Aug. 1 2022 08:00 AM

Telling the dairy story can be tricky, so here are some tips to help you out.

My last time showing at my county’s fair was in 2019, my favorite show cow, Caliope, won supreme champion that year!

County and state fairs are some of the best chances to chat with consumers as they are walking through the barns. But when it comes time to have these conversations, whether you are the one starting the conversation or not, how do you make sure it’s a productive interaction? What if they ask a difficult or uncomfortable question?

Between many years as a dairy cattle exhibitor at my county’s fair and the Wisconsin State Fair, and my training from the Midwest Dairy Ambassador program, I’ve gained quite a bit of experience talking with consumers. Here are some tips to help you out in these situations.

1. Ask questions. Say a fairgoer asks you a question that doesn’t have a simple, quantifiable answer, such as, “Is it true that milk is filled with pus?” This is a common misconception I have often heard. As easy as it would be to simply say “no” and be done with the conversation, start by asking where they heard this information, or why they think it may be true. This will help you understand the root of their beliefs, so you can have a productive conversation about comparing reality with what they have learned.

2. Avoid only using facts. Those in the dairy industry are some of the smartest people I know. On a dairy farm you learn about complex concepts from biology to chemistry and even engineering. Look at my example question from above. It’s tempting to respond with somatic cell counts, or antibiotic withdrawal dates and processes to explain why milk is not filled with “pus.” However, these explanations can be long-winded and confusing to the average consumer. They can be great to mention in a high overview manner, but facts should not be your entire response. In general, if you start your response to a question with “Actually . . .”, you are probably just saying facts rather than telling a story.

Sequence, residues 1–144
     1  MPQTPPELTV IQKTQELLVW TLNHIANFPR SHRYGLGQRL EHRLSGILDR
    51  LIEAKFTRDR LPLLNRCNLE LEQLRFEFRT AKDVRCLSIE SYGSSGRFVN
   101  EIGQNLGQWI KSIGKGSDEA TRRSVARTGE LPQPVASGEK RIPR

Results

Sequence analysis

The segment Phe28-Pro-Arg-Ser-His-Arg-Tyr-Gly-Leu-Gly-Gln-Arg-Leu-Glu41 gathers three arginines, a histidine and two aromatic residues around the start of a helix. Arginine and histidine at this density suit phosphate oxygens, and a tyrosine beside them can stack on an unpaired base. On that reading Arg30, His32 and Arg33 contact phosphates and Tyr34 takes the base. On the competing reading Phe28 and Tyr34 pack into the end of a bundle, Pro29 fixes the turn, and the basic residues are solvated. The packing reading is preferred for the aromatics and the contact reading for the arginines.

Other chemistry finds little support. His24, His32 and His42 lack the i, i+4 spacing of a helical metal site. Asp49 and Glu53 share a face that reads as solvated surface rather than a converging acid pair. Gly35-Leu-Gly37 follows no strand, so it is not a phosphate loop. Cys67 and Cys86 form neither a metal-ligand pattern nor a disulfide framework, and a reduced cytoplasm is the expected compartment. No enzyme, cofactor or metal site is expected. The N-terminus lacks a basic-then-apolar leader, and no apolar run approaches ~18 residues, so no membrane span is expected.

I was a 2020 Midwest Dairy Ambassador and got to practice my social media skills and take some fun pictures with dairy foods.
3. Connect. In your array of questions, you can try to get to know the person a little better. Maybe they are focused on eating healthy foods, or they have kids they are concerned about. Whatever it may be, try to connect with them. If they are asking about pus in milk because they are conscious eaters, you might reply by saying how you also only want to put good foods in your own body, that’s why you trust and consume milk because you know it’s safe and healthy. There is a much more positive reaction when you discuss values rather than statistics or information.

4. Tell your story. Consumers who are far removed from agriculture don’t have any stories to tell about farming, but you do. Become that face they think about when they are shopping in the dairy aisle. Consumers are genuinely curious about where their food comes from, and it helps when there is a person or story they can connect their food to. The dairy industry is unique because there are thousands of family run businesses behind the products people see in the grocery store. Many other items people shop for only have huge corporations behind them. By telling where you come from or how you are connected to the dairy industry, you are building the bridge from consumers to producers.

Good luck this summer at the fairs, and remember to always advocate for the future of agriculture whenever you get the chance!

Mikayla Peper

Mikayla grew up near Osceola, Wis. She discovered her passion for the dairy industry while working on her neighbors’ Holstein dairy farm. That spurred her involvement in 4-H and FFA, and following graduation from Osceola High School, she headed to the University of Minnesota to pursue a degree in agricultural communication and marketing. During the school year, she worked as a website designer for the University of Minnesota department of animal science, and last summer, she was a farmer relations intern for Midwest Dairy. Peper is serving as the 2022 Hoard’s Dairyman editorial intern.